ELDORET, Kenya (Reuters) - A South Sudanese refugee preparing to run at the Olympic Games next month has pleaded with the leaders of his war-torn nation to end the fighting and give the country’s young people a chance in life.
Yiech Pur Biel was one of those chosen by the International Olympic Committee (IOC) along with nine others from around the world to represent the Refugees Olympic Team at the Rio Games starting on Aug. 5.
South Sudan’s president and vice president ordered their loyalists to cease hostilities on July 11 after days of fighting threatened to plunge the country back into civil war and bring further instability to an impoverished region of Africa.
Forces loyal to rivals President Salva Kiir and Vice President Riek Machar had fought street battles in the capital over five days in violence that killed at least 272 people.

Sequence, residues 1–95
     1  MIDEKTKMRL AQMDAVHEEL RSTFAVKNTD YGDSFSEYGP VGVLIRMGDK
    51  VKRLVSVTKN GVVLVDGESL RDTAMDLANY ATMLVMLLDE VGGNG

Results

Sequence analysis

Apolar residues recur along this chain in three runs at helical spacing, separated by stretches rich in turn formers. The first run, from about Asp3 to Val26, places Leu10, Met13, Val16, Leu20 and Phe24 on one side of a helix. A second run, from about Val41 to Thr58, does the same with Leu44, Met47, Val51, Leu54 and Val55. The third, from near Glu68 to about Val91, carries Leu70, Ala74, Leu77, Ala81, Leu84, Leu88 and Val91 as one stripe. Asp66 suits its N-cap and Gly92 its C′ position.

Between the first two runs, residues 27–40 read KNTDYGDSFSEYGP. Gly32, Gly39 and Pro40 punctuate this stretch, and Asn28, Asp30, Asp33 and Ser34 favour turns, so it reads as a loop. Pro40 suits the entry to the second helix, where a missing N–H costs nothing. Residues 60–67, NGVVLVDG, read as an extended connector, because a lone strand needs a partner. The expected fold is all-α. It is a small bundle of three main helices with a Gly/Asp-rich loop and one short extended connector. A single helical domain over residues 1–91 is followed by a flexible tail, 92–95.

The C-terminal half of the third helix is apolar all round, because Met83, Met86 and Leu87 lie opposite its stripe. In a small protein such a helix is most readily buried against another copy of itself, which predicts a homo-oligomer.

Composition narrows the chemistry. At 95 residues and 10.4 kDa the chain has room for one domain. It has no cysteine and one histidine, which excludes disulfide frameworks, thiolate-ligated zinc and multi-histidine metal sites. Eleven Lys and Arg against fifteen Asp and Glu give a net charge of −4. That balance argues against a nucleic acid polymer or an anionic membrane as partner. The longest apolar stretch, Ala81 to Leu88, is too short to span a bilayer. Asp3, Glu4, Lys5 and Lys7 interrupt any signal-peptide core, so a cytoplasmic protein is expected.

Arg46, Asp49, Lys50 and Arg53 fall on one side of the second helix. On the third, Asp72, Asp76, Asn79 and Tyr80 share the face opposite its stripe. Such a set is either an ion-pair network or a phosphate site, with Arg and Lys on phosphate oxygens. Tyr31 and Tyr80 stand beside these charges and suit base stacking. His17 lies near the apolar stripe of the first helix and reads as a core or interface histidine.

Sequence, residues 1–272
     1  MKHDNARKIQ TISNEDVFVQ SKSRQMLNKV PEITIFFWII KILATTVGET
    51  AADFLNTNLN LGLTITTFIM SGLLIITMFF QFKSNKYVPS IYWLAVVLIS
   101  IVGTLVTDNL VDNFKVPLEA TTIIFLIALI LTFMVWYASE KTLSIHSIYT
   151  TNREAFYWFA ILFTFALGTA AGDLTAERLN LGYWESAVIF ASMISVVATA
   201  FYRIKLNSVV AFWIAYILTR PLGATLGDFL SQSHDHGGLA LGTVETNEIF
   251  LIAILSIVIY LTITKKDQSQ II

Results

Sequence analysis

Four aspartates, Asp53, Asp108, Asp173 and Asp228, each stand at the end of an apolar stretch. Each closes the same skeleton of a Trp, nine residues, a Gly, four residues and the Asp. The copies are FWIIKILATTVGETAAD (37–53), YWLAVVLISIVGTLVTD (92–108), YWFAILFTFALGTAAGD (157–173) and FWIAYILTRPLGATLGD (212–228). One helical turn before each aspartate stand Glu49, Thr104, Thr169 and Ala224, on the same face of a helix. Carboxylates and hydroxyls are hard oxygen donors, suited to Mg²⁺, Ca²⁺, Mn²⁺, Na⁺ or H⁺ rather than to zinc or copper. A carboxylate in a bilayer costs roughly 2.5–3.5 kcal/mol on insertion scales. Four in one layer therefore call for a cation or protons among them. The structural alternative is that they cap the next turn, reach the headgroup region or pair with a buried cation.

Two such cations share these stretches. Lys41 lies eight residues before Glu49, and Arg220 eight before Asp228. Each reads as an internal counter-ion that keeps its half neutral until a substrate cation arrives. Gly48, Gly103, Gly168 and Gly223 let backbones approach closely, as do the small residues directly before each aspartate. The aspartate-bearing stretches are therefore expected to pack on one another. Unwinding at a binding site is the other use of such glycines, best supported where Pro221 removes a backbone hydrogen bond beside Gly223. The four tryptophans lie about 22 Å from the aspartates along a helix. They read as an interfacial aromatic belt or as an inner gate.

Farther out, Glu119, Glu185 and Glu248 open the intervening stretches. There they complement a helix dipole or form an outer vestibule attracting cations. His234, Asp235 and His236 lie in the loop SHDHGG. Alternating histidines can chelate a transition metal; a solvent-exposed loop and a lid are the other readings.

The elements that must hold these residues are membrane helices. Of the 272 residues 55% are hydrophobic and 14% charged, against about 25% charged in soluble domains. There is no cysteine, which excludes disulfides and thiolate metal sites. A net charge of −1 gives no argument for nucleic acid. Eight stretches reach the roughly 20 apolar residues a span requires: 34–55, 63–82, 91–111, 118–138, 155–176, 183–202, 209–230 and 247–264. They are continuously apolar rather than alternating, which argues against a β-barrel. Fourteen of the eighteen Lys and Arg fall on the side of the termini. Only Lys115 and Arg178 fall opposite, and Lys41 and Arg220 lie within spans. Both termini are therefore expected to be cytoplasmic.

“Let the leaders find a quick solution because young people are dying and fleeing to other nations, yet they can develop the nation,” Biel, 21, who will be running in the 800 meters events in Rio, told Reuters at the Kenyan team camp in Eldoret, northwest of the capital Nairobi.
The latest violence has raised fears of a collapse in the nearly year-old peace deal aimed at ending two years of civil war between Kiir and Machar’s supporters that killed tens of thousands, drove more than 2.5 million from their homes and left almost half the nation of 11 million short of food.
“Our participation in the Olympics should send a message to our leaders that we could be flying the South Sudanese flag instead of the IOC flag on the global stage,” Biel said.
”They should consider the future of the youth, who can use their talent to build the nation and showcase it abroad.”
Biel and four other South Sudanese refugees were picked by the IOC from the Kakuma refugee camp in Kenya to fly the refugees’ flag to raise international awareness of the refugee crisis.
His teammates are Paulo Amotun Lokoro, James Nyak Chiengjiek, Anjelina Nada Lohalith and Rose Nathike Lokonyen, who will all appear in athletics events.
The other five from around the world are swimmers Rami Anis and Yusra Mardini from Syria, athlete Yonas Kinde from Ethiopia, and judokas Popole Misenga and Yolande Bukasa Mabika from the Democratic Republic of Congo.
Writing by George Obulutsa; Editing by Hugh Lawson